• Less flexibility. Some in-house employees may have to work in a specific office each day at an agreed upon schedule. Not to mention, there are dress codes and other office rules to worry about. That being said, while most in-house translators used to work in a company office, nowadays it’s very common for them to work from home.
  • Cap on earnings. While working in-house provides stability, in many ways you have less control over your earnings. Freelancers have lows, but they can also have major highs. 
  • Less autonomy. When in-house, you typically have to do as you’re told. You may have little control over what types of projects you work on and might have to follow company protocols.

Freelance Translators

If you haven’t worked as a freelancer before, it can be hard to picture what that career path looks like. There are some major benefits of freelancing worth considering, but there are also some downsides that not everyone is ready to handle. 

Pros

  • Ultimate flexibility. Want to work by the seaside today and in a mountain cabin tomorrow? No problem. Are you a night owl who does your best work when everyone else is asleep? Good for you. Don’t like a client or aren’t interested in certain types of projects? Send them packing. As a freelancer you’ll be able to decide when and where you work, who you work with, and what your vacation schedule looks like. 
  • You’re the boss. Freelancing is essentially running a very small business of one. You’re a business owner, even if it doesn’t look like it from the outside, which means you get to do things your way. 
  • Earning potential. Freelancers get a bad rap as being “underemployed” at times, but many freelancers can tell you that when you’re retaining the whole profit from a project (and your company isn’t taking a cut) that your income can soar. You get to set your rates and can choose to only take on projects that work for your budget.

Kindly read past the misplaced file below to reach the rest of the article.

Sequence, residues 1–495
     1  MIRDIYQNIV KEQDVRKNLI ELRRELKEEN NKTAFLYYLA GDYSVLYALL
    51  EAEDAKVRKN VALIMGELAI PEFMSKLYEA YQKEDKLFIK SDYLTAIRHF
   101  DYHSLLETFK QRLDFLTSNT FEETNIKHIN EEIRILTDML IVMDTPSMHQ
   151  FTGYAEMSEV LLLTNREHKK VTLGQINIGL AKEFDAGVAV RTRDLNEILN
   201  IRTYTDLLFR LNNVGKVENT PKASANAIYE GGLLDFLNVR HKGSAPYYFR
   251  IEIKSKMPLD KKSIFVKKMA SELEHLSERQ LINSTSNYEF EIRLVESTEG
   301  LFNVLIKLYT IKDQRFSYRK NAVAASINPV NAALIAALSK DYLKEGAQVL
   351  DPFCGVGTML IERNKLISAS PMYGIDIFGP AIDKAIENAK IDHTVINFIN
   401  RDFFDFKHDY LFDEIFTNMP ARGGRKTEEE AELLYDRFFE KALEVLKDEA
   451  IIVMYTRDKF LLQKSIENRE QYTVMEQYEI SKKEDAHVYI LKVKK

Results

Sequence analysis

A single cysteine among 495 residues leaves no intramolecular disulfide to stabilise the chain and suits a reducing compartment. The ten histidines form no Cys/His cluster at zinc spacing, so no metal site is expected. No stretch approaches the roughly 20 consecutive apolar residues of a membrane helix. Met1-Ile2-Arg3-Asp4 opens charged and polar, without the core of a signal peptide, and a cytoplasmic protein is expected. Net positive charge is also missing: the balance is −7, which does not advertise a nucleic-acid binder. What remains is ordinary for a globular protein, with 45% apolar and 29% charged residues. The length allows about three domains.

Cons

  • Stability not guaranteed. Working as a freelancer provides a lot of excitement and the wins can feel really big since they’re all your own, but a stable income is not guaranteed. This can be challenging for people on a tight budget or who have a family to support. 
  • No benefits. You’ll have to purchase your own benefits and accept that there is no such things as a paid vacation anymore. It’s important to remember to aim to make more than you would in-house in order to pay for benefits yourself. 
  • Loneliness. Working as a freelancer can be lonely at times. If no one else in your household works from home or if you live alone, you may find you have a lot of solitude on your hands. The lack of teamwork can also feel very isolating. 
  • Out of pocket expenses. Office supplies, computers, and professional development will all have to come out of your pocket which can sting a bit.

The Takeaway

There is no “better” option here. Both in-house and freelance translators have some major perks to look forward to. At Terra, we employ in-house linguists as well as collaborate with freelancers. So whatever your preferences are, we can work together. The key is to find which is the best fit for your goals, personality, and lifestyle!